As a kid I loved my chemistry set. Many an afternoon was whiled away in my dad’s shed, totally ignoring the set’s instructions and randomly mixing the contents of the various bottles. To be honest I can’t really remember learning much chemistry, beyond the fact that it was possible to generate some pretty noxious fumes.
I guess its that sort of behaviour that rang the death knell for those sets of old. Today’s high street chemistry offerings seem to have been sanitised to the point of tedium, whilst some even proclaim to be chemical-free (shudder).
But there is hope. MEL science have launched a product that brings the chemistry set smack into the 21st Century. And I was pretty excited to get my hands on one.
MEL chemistry is supplied via a subscription model. The starter pack is £29.95, and includes some glassware, safety specs, a solid fuel burner, a google-cardboard VR clone, a tray, a neat macro lens that clips onto a smartphone and other bits and bobs. On the face of things this looks a little steep, but you should also take into account a really very good IOS/Android app, which shows various 3D representations (when used with the VR goggles) of all the reagents you are likely to encounter later.
All the experiments are sold separately, at £9.95 per month. The idea being that you each month you receive a new kit. This seems really very reasonable to me, and is just the sort of model that maintains the excitement. Fresh chemistry coming through the door each month should keep up the interest.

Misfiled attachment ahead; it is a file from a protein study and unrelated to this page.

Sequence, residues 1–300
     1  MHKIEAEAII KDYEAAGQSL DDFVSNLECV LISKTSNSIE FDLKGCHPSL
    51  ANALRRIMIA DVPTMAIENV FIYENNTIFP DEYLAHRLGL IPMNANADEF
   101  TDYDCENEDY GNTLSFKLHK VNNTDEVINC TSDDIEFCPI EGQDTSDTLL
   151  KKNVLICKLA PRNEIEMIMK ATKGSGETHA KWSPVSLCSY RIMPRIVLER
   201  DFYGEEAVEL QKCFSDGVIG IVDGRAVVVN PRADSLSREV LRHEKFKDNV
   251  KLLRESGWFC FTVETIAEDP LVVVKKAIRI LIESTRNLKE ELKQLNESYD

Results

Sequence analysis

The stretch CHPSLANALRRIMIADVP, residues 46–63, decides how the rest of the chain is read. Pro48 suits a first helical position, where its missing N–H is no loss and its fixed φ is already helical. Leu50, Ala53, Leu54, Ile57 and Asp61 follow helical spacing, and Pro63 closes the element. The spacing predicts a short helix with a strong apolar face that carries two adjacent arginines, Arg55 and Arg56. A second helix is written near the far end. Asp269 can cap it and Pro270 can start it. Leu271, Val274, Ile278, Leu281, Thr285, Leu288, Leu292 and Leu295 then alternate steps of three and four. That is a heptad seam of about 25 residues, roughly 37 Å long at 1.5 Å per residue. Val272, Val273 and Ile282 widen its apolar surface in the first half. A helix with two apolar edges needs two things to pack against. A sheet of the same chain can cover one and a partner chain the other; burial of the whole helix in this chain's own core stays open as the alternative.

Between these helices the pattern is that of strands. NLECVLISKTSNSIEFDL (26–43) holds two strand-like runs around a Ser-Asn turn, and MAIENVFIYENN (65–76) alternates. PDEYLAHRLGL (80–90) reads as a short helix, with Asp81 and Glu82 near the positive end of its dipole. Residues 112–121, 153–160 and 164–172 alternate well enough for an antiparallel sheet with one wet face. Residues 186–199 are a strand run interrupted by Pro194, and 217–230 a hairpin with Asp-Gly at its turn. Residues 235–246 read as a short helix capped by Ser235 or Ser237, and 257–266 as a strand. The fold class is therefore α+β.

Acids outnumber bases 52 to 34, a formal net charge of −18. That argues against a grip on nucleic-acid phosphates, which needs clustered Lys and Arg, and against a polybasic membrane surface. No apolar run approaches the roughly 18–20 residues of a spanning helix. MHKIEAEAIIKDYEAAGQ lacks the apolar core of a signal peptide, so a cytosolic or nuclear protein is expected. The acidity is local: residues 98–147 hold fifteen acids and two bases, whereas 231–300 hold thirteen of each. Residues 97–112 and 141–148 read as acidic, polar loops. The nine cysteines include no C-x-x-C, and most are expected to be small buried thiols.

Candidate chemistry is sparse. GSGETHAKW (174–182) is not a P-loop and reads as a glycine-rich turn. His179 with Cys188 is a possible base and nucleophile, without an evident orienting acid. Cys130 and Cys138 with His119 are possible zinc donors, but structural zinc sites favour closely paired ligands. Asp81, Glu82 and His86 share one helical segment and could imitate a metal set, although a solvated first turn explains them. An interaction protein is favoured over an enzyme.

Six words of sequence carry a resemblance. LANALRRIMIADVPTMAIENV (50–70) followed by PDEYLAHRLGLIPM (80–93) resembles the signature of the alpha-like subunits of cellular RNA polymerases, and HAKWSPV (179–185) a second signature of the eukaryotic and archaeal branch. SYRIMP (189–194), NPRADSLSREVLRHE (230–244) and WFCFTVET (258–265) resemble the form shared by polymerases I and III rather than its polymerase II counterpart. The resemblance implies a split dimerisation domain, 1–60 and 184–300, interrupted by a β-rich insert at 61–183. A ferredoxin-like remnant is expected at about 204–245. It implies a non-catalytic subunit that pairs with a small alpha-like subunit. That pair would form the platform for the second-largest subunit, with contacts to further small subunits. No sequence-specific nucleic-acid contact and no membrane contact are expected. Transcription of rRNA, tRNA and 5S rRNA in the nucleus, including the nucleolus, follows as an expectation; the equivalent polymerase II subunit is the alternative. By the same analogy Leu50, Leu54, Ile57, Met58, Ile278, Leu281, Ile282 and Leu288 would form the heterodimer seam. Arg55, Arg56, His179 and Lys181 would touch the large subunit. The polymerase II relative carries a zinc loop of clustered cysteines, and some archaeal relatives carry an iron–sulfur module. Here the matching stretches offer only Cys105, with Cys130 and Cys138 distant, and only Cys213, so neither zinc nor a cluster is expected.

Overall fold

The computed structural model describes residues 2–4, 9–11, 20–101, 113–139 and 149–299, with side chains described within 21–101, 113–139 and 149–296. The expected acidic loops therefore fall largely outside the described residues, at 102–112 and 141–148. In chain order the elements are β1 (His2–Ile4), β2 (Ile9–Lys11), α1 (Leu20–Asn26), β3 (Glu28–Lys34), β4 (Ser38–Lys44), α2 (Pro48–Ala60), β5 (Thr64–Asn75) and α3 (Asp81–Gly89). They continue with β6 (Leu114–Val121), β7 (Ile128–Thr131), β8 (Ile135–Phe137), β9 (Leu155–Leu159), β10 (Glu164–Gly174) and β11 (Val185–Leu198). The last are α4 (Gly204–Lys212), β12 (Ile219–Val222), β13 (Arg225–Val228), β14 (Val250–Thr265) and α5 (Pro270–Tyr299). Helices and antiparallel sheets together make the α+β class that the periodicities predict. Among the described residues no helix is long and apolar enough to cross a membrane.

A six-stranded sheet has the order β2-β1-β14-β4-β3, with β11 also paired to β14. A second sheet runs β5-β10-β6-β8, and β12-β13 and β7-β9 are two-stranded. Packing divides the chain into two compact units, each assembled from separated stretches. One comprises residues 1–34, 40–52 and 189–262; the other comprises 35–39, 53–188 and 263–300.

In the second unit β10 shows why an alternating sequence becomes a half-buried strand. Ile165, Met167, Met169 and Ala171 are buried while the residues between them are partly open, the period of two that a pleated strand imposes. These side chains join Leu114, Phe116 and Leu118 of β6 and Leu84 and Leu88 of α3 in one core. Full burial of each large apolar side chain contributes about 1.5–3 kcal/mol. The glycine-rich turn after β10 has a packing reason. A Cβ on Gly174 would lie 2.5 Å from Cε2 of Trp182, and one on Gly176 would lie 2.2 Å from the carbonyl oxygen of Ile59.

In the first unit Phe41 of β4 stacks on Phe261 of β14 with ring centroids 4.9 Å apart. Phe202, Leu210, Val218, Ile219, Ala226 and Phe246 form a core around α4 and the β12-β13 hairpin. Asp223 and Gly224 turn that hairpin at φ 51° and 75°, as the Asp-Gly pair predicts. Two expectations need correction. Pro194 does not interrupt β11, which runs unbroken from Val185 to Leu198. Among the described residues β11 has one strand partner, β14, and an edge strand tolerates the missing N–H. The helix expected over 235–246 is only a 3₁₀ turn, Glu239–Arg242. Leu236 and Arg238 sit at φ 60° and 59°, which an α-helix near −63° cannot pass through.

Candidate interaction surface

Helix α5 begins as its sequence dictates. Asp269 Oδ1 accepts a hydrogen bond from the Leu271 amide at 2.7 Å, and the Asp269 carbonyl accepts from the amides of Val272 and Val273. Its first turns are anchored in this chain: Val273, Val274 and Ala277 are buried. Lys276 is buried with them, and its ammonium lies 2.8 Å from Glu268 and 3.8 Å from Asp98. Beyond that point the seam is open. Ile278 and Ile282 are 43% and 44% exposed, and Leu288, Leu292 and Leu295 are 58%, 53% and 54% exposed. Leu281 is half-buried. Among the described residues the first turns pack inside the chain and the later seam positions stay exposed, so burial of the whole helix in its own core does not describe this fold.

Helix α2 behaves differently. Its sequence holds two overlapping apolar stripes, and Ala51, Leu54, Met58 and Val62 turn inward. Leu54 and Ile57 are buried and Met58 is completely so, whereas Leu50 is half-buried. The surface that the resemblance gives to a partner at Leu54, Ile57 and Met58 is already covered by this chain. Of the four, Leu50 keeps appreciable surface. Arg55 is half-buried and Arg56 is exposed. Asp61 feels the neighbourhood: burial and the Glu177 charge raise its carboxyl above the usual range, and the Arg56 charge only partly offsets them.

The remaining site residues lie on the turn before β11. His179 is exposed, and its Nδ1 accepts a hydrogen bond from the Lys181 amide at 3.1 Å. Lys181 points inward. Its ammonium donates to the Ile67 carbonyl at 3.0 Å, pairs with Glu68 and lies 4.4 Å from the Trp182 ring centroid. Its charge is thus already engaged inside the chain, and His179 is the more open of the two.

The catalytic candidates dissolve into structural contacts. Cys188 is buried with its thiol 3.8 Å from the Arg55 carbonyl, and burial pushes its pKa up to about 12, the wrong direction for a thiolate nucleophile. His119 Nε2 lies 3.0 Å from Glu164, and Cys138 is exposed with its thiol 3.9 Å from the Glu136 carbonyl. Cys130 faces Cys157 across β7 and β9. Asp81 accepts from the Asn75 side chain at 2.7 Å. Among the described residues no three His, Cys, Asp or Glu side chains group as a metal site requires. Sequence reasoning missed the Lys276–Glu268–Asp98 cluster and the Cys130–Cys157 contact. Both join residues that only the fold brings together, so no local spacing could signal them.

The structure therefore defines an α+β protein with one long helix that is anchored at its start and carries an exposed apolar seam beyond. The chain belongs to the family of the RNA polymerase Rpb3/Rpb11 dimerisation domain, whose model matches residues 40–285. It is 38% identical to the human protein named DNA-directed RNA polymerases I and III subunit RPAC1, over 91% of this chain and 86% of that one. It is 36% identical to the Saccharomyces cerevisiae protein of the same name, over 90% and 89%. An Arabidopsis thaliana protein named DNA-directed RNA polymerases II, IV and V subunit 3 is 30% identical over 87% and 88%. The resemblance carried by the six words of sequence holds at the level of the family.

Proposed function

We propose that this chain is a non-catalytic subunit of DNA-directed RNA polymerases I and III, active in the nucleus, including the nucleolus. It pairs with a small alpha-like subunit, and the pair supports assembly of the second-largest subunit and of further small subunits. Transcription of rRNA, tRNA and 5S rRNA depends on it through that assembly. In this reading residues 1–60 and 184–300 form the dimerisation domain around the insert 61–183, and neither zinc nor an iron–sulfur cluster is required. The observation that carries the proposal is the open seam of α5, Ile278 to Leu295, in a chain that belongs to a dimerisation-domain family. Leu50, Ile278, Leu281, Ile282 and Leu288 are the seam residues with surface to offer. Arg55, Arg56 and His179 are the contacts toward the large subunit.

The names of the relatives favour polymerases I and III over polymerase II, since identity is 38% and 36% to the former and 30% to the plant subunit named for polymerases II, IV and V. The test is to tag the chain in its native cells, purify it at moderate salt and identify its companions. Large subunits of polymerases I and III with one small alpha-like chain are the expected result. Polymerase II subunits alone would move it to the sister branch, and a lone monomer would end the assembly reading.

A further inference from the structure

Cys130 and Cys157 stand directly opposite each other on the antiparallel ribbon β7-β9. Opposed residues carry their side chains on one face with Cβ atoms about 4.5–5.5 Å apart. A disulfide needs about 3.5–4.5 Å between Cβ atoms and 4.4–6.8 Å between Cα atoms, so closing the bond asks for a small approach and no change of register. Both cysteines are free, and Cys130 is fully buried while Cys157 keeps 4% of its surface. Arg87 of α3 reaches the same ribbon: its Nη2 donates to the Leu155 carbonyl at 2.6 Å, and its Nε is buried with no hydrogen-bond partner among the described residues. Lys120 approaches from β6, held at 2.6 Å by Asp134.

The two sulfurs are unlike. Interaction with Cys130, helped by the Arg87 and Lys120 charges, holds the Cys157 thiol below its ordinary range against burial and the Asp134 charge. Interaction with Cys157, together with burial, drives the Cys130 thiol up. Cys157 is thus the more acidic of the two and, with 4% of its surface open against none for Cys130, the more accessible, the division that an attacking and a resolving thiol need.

Each experiment was accompanied by a very good instruction card and a detailed online page. The webpage goes into far more depth that you would expect for the target 12+ age group. But its all clear and well written. A very minor criticism is the commentary to the videos, sometimes the heavy (Russian?) accent makes things a little difficult to follow.
We (a small Lorch and I), cracked open the ‘Tin set’ and fired up the accompanying video. Everything is very well packaged with a lot of thought going into how kids should dispense solutions safely. My lab assistant, for this experiment, has quite a reputation for knocking fluids flying, but in this case, and despite a couple of up ended bottles, nothing was spilt.
So over to the real action. The ‘Tin set’ contains two experiments. First, the tin hedgehog, which simply involves dropping a zinc pellet into a solution of tin (II) chloride. Tin crystals quickly form on the pellet, these are quite small and would be difficult to see without the help of the clip-on macro lens. So with the expanding crystals captured live on my phone’s screen my co-experimenter was quite impressed.
Then we moved on to the tin dendrites. Again the method was easy for my pre-teen helper to follow. And this time, as the beautiful branches of tin struck out across the petri dish there was some genuine amazement in the room.
So far so very impressed. By linking all the experiments with excellent online and smart resources they should really engage the budding chemist and ensure they learn a heck of a lot more than just how to gas themselves. In short they are fun, safe and bang up to date.
I’ve got previews of another 4 experiments to try and will let you know what I think. If they are up to the same standard I’ll be signing up for the other 34.
from Chemistry Blog http://ift.tt/209y1wV